Madelyn Linsenmeir, Whose Obit Went Viral, Died of Infection | Off Message

Madelyn Linsenmeir, Whose Obit Went Viral, Died of Infection


Madelyn Linsenmeir, center, at her booking in Springfield, Mass. - SCREENSHOT
  • Screenshot
  • Madelyn Linsenmeir, center, at her booking in Springfield, Mass.
A Vermont woman who died last year after her arrest in Massachusetts had a once-rare heart infection that has been on the rise among injection drug users. Madelyn Linsenmeir's death was felt around the world after an obit that dealt frankly with her drug abuse went viral.

MassLive reported Thursday that the Massachusetts state medical examiner listed "consequences of septicemia in the setting of tricuspid valve endocarditis" as Linsenmeir's immediate cause of death.

Septicemia is a blood infection. Endocarditis is an infection of the inner lining of the heart. People who inject drugs are at an especially high risk for endocarditis because bacteria from skin or syringes can enter their veins and reach the heart.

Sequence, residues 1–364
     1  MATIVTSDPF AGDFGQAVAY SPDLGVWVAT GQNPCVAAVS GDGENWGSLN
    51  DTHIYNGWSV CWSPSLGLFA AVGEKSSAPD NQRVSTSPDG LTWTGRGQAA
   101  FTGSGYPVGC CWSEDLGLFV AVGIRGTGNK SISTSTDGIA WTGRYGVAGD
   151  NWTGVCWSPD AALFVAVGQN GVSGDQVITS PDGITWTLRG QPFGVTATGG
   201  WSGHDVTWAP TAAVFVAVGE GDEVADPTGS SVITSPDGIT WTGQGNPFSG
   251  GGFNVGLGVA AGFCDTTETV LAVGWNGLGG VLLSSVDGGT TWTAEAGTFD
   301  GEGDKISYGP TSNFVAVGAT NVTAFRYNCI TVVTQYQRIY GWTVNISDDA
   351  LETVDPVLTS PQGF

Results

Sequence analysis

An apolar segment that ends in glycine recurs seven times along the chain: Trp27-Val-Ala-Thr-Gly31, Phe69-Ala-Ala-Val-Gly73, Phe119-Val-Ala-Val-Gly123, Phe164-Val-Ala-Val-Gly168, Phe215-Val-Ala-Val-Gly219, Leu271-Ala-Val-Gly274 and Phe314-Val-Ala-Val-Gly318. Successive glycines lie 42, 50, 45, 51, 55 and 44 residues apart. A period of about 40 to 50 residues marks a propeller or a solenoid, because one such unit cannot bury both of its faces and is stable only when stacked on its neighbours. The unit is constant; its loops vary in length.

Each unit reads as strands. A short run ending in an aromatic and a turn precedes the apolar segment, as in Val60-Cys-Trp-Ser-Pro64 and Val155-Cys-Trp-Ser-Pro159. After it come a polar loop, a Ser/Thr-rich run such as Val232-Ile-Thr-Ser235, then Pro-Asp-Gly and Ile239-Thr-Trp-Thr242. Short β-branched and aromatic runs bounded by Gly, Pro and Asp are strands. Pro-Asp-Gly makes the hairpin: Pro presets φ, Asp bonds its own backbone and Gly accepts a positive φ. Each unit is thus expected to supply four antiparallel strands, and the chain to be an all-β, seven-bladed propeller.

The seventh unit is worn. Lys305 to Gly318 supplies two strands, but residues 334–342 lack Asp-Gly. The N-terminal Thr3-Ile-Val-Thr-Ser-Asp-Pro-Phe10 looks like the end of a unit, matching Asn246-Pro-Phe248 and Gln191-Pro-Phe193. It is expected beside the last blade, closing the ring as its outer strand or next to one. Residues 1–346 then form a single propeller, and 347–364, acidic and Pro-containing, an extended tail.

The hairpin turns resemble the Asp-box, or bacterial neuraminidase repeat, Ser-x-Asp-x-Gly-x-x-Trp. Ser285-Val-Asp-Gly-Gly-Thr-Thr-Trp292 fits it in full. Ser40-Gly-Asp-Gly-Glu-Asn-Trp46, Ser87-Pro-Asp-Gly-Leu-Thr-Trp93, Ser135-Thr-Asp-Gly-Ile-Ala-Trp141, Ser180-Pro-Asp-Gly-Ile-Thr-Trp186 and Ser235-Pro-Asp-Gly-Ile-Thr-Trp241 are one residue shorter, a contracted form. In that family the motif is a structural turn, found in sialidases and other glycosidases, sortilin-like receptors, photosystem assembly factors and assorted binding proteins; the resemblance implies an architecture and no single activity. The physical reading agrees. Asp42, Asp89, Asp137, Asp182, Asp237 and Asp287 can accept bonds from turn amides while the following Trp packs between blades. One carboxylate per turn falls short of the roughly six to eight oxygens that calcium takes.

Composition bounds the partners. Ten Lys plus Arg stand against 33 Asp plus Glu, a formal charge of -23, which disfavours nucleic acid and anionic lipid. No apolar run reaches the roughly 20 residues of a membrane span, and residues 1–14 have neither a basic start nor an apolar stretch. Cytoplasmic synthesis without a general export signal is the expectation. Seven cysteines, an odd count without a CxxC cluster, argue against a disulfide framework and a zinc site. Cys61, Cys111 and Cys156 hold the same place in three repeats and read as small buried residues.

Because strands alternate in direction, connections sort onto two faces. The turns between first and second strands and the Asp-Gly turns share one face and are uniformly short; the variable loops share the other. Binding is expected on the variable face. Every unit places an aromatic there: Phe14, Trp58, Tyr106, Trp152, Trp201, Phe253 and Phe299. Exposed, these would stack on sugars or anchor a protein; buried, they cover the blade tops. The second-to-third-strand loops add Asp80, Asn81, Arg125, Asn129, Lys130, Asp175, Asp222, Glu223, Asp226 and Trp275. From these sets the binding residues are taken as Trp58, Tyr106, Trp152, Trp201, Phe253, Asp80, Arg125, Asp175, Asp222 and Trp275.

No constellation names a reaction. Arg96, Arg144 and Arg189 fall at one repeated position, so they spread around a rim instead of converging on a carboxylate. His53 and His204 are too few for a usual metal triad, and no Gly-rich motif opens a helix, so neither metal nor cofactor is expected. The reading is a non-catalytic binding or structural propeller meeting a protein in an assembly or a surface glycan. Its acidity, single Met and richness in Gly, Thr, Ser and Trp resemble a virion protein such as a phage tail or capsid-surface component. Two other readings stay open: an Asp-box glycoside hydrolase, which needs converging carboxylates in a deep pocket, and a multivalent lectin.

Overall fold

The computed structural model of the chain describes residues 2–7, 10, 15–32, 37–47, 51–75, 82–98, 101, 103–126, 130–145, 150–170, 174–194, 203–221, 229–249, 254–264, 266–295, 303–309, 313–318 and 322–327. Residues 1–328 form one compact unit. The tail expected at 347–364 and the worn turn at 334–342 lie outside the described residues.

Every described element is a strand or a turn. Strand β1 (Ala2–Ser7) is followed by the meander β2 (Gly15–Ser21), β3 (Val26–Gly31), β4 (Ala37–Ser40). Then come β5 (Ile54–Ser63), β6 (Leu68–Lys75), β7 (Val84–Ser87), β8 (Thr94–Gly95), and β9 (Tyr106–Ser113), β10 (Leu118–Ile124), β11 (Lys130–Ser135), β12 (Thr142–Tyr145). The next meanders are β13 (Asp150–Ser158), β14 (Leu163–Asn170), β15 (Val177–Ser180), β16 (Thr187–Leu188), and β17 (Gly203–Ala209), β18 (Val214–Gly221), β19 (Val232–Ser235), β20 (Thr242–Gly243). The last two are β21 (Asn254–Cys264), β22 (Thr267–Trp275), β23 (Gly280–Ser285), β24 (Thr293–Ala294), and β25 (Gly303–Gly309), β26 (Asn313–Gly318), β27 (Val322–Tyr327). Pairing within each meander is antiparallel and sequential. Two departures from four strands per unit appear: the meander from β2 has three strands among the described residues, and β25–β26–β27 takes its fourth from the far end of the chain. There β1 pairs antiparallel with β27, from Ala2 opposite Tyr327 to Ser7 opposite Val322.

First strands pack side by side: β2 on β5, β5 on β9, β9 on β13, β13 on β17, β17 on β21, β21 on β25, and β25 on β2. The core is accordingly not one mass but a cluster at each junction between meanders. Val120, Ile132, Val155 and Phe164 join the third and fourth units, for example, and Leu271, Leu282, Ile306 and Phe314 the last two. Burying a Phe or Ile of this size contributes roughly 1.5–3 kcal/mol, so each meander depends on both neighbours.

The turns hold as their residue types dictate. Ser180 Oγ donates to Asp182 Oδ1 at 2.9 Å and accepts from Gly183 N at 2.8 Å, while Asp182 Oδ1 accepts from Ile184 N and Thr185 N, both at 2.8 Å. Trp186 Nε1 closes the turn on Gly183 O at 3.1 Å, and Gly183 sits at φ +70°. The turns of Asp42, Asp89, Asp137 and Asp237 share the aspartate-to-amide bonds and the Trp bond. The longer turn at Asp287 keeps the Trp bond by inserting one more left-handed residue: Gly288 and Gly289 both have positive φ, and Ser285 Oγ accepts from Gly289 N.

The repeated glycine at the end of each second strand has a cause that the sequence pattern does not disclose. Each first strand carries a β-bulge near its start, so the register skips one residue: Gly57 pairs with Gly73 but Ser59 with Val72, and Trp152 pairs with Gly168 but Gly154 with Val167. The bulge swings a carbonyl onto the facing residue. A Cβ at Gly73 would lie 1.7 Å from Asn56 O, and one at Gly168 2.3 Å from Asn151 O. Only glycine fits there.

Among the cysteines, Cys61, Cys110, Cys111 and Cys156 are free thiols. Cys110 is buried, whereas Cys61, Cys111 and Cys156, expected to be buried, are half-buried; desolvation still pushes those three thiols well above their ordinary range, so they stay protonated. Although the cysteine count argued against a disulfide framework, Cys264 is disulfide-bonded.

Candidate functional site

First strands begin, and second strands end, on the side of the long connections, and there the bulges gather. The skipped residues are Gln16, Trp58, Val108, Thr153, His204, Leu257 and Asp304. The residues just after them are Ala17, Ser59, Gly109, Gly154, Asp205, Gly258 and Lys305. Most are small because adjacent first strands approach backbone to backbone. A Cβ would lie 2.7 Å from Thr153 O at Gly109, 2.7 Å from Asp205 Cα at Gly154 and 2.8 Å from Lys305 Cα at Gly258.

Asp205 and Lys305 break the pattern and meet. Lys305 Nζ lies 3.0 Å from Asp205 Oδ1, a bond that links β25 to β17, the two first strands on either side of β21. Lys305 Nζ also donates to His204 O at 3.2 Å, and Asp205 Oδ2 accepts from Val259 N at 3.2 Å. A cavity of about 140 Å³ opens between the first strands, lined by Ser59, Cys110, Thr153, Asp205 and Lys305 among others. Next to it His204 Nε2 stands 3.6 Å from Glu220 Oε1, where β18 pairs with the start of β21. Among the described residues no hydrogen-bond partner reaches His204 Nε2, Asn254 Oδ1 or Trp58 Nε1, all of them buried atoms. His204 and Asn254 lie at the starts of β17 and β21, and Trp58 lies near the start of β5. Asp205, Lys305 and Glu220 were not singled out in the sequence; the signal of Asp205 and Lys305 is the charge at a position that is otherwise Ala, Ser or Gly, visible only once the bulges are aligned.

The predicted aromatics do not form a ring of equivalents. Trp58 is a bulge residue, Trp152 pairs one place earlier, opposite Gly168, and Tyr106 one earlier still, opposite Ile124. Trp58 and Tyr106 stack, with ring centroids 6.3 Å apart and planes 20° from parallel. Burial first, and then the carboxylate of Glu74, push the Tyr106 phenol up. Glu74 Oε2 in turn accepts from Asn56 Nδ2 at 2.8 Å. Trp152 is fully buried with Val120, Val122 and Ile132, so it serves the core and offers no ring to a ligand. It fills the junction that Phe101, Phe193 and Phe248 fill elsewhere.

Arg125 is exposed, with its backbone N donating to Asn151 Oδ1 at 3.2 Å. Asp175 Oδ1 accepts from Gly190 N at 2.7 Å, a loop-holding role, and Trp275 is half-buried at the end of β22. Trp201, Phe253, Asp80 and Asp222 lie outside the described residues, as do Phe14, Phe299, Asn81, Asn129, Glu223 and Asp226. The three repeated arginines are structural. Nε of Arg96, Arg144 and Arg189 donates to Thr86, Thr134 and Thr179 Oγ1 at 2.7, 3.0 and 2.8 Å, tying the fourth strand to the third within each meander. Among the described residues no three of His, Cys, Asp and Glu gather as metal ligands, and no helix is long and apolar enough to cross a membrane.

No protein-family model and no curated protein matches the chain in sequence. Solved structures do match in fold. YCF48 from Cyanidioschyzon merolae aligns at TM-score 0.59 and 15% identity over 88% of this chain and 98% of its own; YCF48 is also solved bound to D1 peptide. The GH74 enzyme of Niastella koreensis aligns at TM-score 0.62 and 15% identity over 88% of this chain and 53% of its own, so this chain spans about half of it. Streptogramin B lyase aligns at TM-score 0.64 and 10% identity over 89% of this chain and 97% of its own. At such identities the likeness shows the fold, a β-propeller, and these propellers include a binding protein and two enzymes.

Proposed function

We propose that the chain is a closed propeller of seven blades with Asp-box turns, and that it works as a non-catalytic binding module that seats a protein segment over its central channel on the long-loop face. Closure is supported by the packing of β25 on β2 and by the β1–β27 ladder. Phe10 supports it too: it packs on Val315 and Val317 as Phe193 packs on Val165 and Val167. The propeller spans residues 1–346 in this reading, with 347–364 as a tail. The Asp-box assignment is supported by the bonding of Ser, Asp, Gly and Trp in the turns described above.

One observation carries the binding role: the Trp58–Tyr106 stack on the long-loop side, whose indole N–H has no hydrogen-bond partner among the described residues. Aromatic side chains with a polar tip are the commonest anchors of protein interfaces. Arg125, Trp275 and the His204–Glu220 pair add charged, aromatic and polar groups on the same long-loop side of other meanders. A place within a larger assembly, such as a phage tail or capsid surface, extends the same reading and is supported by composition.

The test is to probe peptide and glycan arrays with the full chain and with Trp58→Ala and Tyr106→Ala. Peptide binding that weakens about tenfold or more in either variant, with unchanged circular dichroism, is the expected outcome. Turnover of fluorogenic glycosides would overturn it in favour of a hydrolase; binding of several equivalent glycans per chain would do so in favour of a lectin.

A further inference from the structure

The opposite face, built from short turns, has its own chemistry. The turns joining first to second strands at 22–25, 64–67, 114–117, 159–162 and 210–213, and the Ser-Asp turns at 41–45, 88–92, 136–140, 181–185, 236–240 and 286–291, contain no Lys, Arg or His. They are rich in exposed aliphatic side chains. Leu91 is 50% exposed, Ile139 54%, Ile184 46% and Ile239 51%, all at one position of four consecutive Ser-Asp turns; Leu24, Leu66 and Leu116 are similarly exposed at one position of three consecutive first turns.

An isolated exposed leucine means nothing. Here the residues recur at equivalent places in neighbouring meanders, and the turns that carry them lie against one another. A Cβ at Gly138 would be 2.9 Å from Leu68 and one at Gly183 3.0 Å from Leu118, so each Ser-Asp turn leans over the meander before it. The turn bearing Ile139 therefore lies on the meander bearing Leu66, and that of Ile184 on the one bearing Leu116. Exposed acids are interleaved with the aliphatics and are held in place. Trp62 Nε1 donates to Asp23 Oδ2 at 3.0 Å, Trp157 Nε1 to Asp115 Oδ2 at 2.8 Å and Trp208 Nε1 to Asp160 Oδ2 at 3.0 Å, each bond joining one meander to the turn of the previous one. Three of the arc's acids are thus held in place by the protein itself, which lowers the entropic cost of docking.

Seven Days previously reported
that the number of endocarditis cases treated at University of Vermont Medical Center spiked sixfold between 2013 and 2017.  Doctors attributed that to the opiate crisis.
An autopsy showed that Linsenmeir had been infected by the antibiotic-resistant bacterium known as MRSA, according to MassLive.

Linsenmeir reported feeling ill at the time of her arrest in Springfield, Mass., on September 29. But she was not treated until several days later, when she was taken to the hospital by ambulance. She died a few days after that, on October 7.

Her sister, Kate O'Neill, chronicled Linsenmeir's struggle with opiate addiction in an obit that ran in Seven Days and the Burlington Free Press. (Seven Days has since hired O'Neill for a special reporting project on the opiate crisis.)

Linsenmeir's family, represented by the Massachusetts ACLU, sued the Springfield Police last fall for records that they hoped could shed light on why Linsenmeir was initially refused medical attention by police.

Video from the booking facility was released earlier this month. It shows Linsenmeir asking to be taken to a hospital for chest pain as she is processed and eventually ushered down a hallway by a Springfield booking officer.

Endocarditis treatment can require six weeks' hospital stay, Seven Days reported. Five people died from the infection in Vermont in 2015.
Madelyn Linsenmeir
  • Madelyn Linsenmeir